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					       Asepsis – The Foundation of Infection Control Practices
               Sue Crow, Louisiana State University Health Care Centre
                           A Webber Training Teleclass

                    Asepsis                                  Nosocomial Infections Facts
                The Foundation of
         Infection Control Practices                        •   Nosocomial infections continue to occur in all health
                                                                care settings
             Sue Crow, RN MSN                               •   The risk of nosocomial infections can be reduced
        Louisiana State University Health Care Centre           simply by understanding and practicing aseptic
                       Shreveport, LA                           technique
                                                            •   Health care personnel have a moral obligation to be
                                                                the patients advocate
                                                            •   Microbes are invisible, consequently you must see
  Hosted by Paul Webber                      Sponsored by       microbes with your mind's eye
 paul@webbertraining.com                                    •   Man is a natural reservoir for microbes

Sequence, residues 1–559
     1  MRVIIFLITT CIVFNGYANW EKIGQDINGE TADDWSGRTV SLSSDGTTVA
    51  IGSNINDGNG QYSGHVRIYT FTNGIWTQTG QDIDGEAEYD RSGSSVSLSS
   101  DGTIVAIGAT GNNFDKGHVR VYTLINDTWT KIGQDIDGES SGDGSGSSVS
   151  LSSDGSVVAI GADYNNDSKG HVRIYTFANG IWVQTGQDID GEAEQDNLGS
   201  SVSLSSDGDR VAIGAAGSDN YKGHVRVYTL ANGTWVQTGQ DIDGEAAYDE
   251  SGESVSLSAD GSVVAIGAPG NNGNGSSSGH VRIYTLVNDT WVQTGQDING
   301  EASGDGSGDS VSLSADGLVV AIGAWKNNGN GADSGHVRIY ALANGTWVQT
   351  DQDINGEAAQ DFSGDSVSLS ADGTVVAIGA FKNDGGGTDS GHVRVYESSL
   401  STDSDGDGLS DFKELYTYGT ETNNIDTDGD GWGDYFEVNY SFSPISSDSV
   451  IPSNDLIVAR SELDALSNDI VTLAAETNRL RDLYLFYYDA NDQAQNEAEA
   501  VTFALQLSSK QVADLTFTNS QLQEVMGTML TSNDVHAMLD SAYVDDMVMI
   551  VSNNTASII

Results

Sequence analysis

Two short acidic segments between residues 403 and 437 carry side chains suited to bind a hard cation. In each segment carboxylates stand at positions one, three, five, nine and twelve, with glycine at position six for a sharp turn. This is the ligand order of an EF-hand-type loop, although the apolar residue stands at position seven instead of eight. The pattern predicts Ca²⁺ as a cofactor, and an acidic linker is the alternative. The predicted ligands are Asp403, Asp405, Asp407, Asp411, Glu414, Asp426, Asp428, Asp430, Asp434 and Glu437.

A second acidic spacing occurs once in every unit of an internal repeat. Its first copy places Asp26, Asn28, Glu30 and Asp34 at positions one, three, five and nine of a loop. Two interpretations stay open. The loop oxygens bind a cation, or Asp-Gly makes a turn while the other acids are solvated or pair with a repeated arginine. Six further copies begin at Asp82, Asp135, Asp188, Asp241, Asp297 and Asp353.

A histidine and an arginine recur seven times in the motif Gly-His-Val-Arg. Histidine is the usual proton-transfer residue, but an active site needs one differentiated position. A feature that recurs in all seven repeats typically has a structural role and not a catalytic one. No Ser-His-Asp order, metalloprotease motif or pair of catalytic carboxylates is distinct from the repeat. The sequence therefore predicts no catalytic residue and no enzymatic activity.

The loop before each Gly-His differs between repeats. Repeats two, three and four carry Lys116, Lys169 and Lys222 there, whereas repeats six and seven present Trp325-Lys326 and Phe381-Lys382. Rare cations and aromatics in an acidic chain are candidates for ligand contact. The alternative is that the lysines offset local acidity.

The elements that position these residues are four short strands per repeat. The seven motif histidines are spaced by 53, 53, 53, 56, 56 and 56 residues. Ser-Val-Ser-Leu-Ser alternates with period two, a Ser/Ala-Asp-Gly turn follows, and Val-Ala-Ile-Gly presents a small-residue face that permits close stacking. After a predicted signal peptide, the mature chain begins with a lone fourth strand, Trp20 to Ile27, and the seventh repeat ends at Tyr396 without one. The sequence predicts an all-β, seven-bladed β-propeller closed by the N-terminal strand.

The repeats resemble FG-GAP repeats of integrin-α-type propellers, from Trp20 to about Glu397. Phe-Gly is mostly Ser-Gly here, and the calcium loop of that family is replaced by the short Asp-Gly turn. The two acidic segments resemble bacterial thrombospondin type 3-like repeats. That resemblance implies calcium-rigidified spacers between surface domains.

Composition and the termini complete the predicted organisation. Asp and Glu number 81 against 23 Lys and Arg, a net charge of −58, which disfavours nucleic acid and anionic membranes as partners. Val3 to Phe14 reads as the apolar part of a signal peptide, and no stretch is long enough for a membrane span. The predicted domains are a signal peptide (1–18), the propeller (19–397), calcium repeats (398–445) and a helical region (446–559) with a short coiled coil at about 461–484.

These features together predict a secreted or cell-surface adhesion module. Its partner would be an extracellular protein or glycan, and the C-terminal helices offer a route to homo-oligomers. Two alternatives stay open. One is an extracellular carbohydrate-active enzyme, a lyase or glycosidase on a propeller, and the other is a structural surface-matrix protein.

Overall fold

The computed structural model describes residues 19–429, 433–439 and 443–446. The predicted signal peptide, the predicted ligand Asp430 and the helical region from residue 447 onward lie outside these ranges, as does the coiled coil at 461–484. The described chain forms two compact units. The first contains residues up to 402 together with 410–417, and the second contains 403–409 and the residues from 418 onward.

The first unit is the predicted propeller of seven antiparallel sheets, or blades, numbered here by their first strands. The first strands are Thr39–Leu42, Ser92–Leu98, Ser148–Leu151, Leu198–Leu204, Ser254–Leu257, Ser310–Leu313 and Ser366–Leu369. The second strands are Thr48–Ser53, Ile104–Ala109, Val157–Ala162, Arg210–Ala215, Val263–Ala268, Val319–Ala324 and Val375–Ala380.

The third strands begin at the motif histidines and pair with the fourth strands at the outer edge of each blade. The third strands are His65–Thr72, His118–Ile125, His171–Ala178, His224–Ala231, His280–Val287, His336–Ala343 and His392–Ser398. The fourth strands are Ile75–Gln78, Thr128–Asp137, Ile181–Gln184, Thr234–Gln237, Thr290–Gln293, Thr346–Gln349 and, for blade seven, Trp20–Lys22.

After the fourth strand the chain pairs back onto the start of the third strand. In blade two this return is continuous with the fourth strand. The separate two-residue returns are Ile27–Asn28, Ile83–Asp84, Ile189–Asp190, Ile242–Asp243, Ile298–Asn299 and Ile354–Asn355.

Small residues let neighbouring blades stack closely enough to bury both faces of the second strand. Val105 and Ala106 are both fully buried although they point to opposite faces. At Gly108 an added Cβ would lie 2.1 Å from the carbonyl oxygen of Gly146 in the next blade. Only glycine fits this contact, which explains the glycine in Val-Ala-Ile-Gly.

3M Canada
                                               www.3m.ca
                                                            •   All microbes can be a source of infection
  www.webbertraining.com
                                                            •   A conscious careful attitude is imperative




       Definition of Asepsis
Reducing the number of microbes to an irreducible           The principles of asepsis are based on
 number                                                      rational thinking and on a strong
                                                             theoretical and empirical rationale.
The purposeful prevention of the transfer
  of microbes from one person to another
Sum total of the effort to keep the patient's
  environment free from contamination and the               In a nutshell it is common sense!
  patient free from colonization




   Infectious Disease Theory                                Cornerstones of Medical Asepsis
Source
                                                            * Know what is dirty
      + method of transmission                              * Know what is clean
                    + susceptible host                      * Know what is sterile